Top 100: The most desirable cars of all time

Ben Coxworth

Sepios can move in any direction, thanks to its four bio-inspired undulating fins

Cuttlefish are fascinating animals, in that they use a pair of undulating fins to move forward and backward, turn on the spot, or hover in place. If you wanted to make an underwater robot that was highly maneuverable yet quiet and immune to tangled propellers, then the cuttlefish would be a good creature to copy. Well, a group of mechanical engineering students from Switzerland's ETH Zurich have done just that – plus they gave it an extra set of fins, allowing it to also move straight up and down.  Read More

The unassuming-looking Connected Cycle pedal is packed with electronics

There are already bicycle locks that alert users when their untended bike is moved, along with tracking devices that let users know where to find their bike once it's been stolen. Paris-based Connected Cycle is now offering those same functions and others, in its smart pedal.  Read More

The University of São Paulo's non-resonant acoustic levitator

Acoustic levitators are already pretty intriguing devices, in that they use opposing sound waves to suspend small objects in mid-air. Now, however, scientists from Brazil's University of São Paulo have created what they claim is a better acoustic levitator. It's less fussy about the exact orientation of its components, making it more feasible for use in practical applications.  Read More

Lead scientist Ronald Evans consuming an 'imaginary meal,' of the type that fexaramine cou...

When we eat a meal, our body detects that we've consumed calories and responds by burning fat in order to make room for them. The catch for the weight-conscious is that if we don't burn off those newly-arrived calories, they just end up being stored as more fat. For people with metabolic disorders or other conditions, exercise just isn't enough to keep that from happening. Soon, however, a newly-developed drug could help. It triggers the body's "burning fat to make space for calories" response, even when the patient hasn't eaten anything.  Read More

Sony's 4K-shooting FDR-X1000V Action Cam, with its watertight housing

If you need a further indication that 1080p is on its way to becoming the standard second-highest resolution for consumer video cameras, here you go – at CES 2015 this week, Sony is introducing a 4K version of its Action Cam. The company has also unveiled its smallest 4K Handycam to date.  Read More

The Watch is 10.5 mm thick, and available in different styles

If you've been thinking about buying a smartwatch ... well, another one has now been added to the mix. Announced today at CES 2015, Alcatel Onetouch's imaginatively-named Watch wirelessly links users to the functions of their Android or iOS smartphone, plus it has a number of integrated sensors that let them monitor their daily activity.  Read More

The Ice Auger Machine, set up with snowmobile skis

Dedicated winter anglers will travel long distances across frozen lakes, in order to reach prime ice-fishing spots. While many of these fishermen use a snowmobile to do so, such vehicles can cost US$10,000 or more to buy new. Wisconsin-based sportsman Adam Ford, however, has come up with an alternative. He's created an ice-going go-kart that utilizes the motor of an ice auger, which the user would be carrying with them anyway.  Read More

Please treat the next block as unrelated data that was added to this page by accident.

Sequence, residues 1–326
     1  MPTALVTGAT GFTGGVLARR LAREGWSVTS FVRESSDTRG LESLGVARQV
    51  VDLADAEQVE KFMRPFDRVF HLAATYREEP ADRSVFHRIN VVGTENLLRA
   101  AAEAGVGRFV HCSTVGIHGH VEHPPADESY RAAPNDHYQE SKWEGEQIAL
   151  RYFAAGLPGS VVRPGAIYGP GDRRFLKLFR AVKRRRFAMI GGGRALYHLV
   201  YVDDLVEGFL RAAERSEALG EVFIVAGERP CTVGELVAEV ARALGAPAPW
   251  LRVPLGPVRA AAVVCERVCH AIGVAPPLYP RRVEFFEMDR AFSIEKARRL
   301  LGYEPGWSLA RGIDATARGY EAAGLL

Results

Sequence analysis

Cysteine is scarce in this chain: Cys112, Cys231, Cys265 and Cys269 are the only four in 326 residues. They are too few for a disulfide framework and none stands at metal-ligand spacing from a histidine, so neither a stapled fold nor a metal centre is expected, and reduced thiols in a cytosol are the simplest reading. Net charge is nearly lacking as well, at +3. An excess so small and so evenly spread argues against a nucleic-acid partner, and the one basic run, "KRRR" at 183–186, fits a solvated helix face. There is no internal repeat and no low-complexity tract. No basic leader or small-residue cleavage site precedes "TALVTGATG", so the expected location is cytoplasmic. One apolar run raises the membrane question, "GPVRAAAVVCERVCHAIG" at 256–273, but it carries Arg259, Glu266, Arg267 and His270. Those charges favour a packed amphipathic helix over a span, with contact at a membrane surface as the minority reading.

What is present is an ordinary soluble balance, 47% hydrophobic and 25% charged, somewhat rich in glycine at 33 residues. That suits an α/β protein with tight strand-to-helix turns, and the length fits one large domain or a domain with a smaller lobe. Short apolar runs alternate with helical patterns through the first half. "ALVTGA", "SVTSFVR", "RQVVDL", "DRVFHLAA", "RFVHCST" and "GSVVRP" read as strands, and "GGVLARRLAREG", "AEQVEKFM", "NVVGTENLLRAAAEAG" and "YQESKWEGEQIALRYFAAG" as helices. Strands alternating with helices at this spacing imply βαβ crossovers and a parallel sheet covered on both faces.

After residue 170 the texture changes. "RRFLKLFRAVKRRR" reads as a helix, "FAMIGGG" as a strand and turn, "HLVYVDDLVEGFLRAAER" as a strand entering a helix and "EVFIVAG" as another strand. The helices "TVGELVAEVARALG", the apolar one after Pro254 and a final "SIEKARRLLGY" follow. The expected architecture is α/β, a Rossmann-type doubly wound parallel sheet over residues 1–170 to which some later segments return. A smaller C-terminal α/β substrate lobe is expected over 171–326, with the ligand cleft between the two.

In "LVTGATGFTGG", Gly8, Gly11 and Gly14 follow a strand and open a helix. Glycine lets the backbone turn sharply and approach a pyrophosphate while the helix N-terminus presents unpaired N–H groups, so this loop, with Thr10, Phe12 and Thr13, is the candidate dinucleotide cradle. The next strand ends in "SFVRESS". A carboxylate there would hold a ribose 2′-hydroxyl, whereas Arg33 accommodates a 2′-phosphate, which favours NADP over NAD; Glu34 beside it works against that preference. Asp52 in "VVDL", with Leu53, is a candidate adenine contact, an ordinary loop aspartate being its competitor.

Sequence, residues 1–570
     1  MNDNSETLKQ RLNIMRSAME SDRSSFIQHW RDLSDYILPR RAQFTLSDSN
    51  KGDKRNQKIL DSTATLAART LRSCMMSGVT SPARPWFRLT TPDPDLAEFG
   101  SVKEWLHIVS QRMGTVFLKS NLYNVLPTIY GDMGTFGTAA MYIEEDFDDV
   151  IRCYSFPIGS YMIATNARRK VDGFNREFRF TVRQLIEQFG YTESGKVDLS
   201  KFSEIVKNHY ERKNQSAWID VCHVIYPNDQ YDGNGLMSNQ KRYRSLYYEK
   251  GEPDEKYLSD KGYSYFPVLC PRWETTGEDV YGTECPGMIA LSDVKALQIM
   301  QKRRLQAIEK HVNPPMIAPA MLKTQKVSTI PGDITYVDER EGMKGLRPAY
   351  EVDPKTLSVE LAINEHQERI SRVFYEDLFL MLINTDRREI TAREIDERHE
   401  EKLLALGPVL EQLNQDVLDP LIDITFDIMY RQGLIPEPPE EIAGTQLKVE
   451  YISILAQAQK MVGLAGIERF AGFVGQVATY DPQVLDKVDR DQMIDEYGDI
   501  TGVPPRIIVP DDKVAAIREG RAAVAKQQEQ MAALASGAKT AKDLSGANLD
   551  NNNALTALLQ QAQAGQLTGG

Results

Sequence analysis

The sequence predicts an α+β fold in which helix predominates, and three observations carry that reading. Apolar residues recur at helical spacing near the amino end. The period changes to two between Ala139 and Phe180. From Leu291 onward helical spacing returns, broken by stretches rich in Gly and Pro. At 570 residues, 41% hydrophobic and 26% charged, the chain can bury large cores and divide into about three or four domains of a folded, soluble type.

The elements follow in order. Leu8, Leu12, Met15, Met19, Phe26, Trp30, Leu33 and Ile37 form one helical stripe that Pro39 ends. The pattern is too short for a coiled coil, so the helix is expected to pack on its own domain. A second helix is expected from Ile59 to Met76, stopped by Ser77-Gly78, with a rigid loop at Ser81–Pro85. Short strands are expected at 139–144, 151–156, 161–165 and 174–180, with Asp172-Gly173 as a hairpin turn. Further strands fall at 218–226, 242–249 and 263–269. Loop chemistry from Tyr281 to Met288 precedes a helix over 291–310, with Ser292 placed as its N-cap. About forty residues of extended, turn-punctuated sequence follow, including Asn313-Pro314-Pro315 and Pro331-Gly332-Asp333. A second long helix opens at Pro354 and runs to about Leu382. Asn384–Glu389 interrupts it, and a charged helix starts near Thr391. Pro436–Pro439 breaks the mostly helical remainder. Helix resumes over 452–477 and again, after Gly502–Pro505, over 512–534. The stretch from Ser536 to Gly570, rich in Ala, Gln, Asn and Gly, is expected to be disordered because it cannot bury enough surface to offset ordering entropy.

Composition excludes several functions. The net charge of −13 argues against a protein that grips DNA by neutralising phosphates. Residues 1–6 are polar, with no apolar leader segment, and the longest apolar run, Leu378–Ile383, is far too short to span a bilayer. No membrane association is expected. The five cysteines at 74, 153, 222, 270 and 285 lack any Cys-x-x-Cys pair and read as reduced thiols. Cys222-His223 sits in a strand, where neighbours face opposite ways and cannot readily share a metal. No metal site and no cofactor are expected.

LG's TWIN Wash system is introduced at CES 2015 in Las Vegas (Photo: Eric Mack/Gizmag)  One of the hassles of doing laundry is the fact that you can't wash all your clothes at once ... you have to do a load of dark colors followed by a load of whites, and so on. Today at CES, however, LG unveiled a partial solution to that problem – the company's new TWIN Wash system lets you do two loads at a time.  Read More

An illustration depicting a ruptured ACL (Image: Shutterstock)

If you follow sports at all, then you've probably heard about athletes rupturing their ACL, or anterior cruciate ligament. It connects the femur to the tibia, and once it breaks, it's incapable of healing. Treatment most often involves reconstructing the ACL using grafts from the patellar tendon, which connects the patella (aka the kneecap) to the tibia – although this can present problems of its own. Now, scientists at Northwestern University in Illinois are creating a man-made replacement ACL, which could make treatment much more effective.  Read More

Ehang's Ghost Drone in action

It was just this June that we heard about the HEXO+ and AirDog drones, which were two of the first consumer multicopters to offer a Follow function – that's the ability to track the location of their user, and fly along above them. Since then, models including the Iris+ and Zano have come out with the same feature. Now, Chinese/American company Ehang is successfully raising production funds for its Follow-equipped GoPro-toting Ghost Drone. Developed in partnership with Duke University, not only is the quadcopter able to track and film its user, but it's also reportedly easier to fly than its competitors.  Read More

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